Get rid of debt, fast
This post was originally written as a series of tweets.
In the middle of the 18th Century, France had some real big problems with its national debt. But one publisher was sure he had the solution: a little bit of self-sacrifice.
As recounted in Rebecca L. Spang’s delightful history, The Invention of the Restaurant: Paris and Modern Gastronomic Culture, in 1778 the Gazetin de comestible — “a sort of mail-order catalogue of fine foods” — published its proposal, a medieval solution to a modern problem: “If each of its readers would simply fast one day a month and donate the money saved on that day’s food to the state, the national debt would be quickly under control.”1
Needless to say, the Gazetin’s solution was not adopted. France’s national debt continued to balloon until, unable to resolve it by any other way, King Louis XVI called a meeting of the Estates General, setting off one of the most momentous chains of events in world history.
But I am not here to write about French history. Not today, anyway. The United States of America, like ancien régime France, has a very large national debt and persistent deficits. Could the Gazetin Solution work today? You bet I did the math.
The French national debt under Louis was indeed prodigious: around 5 billion livres in short- and long-term debt, per James MacDonald’s A Free Nation Deep In Debt: The Financial Roots of Democracy. That’s against government revenues of 400 million livres.2 To put that in context, the ancien régime’s debt was 12.5 times its annual revenues (which were falling); the U.S. government’s debt of $21.48 billion is just over 5 times its roughly $4 trillion in federal expenditures.3 (I don’t have GDP figures available for pre-revolutionary France on hand to make that comparison.)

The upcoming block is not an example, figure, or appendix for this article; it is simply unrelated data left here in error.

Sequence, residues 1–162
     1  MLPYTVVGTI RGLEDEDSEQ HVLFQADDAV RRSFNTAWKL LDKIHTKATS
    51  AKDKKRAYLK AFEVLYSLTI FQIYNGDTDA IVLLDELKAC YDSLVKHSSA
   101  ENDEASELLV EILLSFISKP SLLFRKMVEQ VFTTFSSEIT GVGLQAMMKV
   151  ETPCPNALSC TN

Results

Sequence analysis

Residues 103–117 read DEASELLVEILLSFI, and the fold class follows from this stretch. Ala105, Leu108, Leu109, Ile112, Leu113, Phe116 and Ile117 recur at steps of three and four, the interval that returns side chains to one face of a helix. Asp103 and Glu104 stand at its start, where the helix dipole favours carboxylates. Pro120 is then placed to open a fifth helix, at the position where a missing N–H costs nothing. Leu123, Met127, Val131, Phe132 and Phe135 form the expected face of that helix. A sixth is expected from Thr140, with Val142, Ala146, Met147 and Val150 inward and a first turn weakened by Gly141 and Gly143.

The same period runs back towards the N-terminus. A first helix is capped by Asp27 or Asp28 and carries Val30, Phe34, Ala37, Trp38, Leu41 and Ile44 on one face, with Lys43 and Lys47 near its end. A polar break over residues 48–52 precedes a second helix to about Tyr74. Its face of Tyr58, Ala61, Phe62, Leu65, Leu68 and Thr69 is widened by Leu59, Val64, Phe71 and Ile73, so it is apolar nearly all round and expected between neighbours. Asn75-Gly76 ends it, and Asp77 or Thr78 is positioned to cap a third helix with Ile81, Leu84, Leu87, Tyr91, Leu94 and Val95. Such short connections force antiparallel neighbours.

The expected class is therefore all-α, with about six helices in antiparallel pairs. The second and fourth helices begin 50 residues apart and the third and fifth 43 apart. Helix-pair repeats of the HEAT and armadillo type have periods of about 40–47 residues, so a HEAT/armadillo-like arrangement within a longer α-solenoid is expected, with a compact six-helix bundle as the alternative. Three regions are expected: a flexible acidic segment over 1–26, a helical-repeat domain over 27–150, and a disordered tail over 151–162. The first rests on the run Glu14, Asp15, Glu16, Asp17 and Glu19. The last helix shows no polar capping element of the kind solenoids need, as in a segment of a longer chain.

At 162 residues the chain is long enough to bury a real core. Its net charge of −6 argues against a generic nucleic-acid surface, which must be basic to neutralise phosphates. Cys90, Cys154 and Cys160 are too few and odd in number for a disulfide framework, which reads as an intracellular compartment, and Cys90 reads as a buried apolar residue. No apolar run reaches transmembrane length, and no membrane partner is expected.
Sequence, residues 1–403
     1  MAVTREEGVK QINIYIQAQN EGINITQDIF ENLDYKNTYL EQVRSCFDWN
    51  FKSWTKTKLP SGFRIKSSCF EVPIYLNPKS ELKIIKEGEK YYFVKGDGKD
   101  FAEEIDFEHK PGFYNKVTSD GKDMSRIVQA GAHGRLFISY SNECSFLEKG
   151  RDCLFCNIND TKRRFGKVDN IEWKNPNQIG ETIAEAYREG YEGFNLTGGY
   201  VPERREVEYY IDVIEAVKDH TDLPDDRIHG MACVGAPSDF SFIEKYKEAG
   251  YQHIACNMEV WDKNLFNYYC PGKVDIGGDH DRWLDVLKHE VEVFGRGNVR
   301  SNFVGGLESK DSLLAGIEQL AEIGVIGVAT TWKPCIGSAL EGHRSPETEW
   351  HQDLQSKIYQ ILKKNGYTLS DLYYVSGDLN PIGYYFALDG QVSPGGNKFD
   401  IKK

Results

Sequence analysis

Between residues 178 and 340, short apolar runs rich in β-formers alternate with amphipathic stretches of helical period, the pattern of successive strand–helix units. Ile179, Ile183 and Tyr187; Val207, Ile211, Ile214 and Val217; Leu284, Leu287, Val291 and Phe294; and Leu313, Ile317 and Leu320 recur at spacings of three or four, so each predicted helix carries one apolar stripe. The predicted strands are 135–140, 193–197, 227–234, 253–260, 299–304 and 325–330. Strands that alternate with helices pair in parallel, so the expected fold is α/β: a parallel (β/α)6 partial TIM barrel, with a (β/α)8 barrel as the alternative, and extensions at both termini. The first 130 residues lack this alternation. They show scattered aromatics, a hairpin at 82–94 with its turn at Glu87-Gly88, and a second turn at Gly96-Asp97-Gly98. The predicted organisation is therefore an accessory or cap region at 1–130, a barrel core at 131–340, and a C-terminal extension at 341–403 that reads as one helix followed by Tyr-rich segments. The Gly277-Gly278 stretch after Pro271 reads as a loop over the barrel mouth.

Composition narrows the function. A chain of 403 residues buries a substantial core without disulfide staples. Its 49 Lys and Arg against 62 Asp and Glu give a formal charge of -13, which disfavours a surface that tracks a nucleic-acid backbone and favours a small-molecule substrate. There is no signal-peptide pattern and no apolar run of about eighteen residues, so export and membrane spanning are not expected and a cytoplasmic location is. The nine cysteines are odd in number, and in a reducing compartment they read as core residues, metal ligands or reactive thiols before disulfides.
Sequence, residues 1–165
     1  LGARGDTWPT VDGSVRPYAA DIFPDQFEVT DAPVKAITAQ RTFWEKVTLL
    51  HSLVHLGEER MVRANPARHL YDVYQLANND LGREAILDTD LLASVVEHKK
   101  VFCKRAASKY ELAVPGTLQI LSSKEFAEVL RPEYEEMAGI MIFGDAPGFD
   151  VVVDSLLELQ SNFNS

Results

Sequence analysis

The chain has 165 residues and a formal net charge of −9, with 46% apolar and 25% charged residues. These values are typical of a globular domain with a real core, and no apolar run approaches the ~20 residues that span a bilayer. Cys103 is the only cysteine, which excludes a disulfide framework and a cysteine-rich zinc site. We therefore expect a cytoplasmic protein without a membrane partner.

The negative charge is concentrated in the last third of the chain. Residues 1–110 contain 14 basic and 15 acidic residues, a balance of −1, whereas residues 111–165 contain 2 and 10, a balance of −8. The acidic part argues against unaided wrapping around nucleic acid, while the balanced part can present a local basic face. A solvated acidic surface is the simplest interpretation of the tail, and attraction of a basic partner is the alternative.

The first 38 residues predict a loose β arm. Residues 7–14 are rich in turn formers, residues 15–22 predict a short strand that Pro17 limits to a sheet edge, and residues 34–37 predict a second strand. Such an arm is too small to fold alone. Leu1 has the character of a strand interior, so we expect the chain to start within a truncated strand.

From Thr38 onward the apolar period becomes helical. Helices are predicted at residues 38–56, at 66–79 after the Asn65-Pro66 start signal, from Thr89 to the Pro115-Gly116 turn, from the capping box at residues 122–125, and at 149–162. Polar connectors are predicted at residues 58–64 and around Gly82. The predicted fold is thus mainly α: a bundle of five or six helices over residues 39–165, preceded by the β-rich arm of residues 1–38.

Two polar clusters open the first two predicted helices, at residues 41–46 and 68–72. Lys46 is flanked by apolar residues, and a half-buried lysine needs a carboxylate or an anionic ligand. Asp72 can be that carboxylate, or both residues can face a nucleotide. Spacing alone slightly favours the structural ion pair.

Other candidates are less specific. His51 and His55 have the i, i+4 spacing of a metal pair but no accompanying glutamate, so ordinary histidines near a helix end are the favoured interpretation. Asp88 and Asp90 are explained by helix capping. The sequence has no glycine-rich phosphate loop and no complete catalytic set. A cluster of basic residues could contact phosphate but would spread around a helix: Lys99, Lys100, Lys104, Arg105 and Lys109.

So our debt problem is much more manageable than Louis’s. (We pay substantially lower interest rates, too — Jacques Necker in the 1780s was floating French bonds at interest rates near 9 percent, per Macdonald, while the U.S. is floating bonds around 2.6 percent.4) But would a little patriotic fasting be able to put a dent in it?
The federal Bureau of Labor Statistics estimates that in 2016, the average U.S. household spent $7,203 per year on food both in and out of the home.5 That comes out to $19.73 per day.
In 2016 there were about 125.85 million U.S. households.6 Each one saving $19.73 would be $2.48 billion per month, or $29.8 billion per year.
The FY2016 U.S. deficit — not debt — was $585 billion.7 Everyone going hungry once a month would reduce this by $29.8 billion or around 5 percent. So not only would all those skipped Big Macs and Lean Cuisines and bagels and steak dinners not solve America’s national debt, they wouldn’t even go one-twentieth of the way to reducing it at all.8
As it turns out, after the Revolution broke out, the French government did in fact try to solicit donations — both voluntary and semi-coerced — from its citizens. But the result was as disappointing as it would be if the U.S. tried the Gazetin Solution to its beefy debt: around 9 million livres from a forced loan expected to raise 200 million, plus freewill offerings of about 1 million livres in money and 5 million “in goods, jewels and depreciated government paper.”9 Those years did see a flowering of fine Parisian restaurants, however. You can learn about that in Spang’s book.
Rebecca L. Spang, The Invention of the Restaurant: Paris and Modern Gastronomic Culture, Cambridge, Mass., and London, England: Harvard University Press, 2000, 14. ↩
James Macdonald, A Free Nation Deep In Debt: The Financial Roots of Democracy, Princeton: Princeton University Press, 2006, 311-2. ↩
Macdonald, 268. The Balance, https://www.thebalance.com/interest-on-the-national-debt-4119024. ↩
Statista, “Number of households in the U.S. from 1960 to 2017 (in millions).” Accessed Sept. 18, 2018. ↩
The federal debt would continue to grow, albeit slightly more slowly — though as Macdonald demonstrates in his magisterial work, big national debts don’t have to be eliminated to be dealt with. They just have to be held to a growth rate below that of the national economy; if so, they simply become less significant over sufficient time. (America isn’t doing this either.) ↩
Macdonald, 313. ↩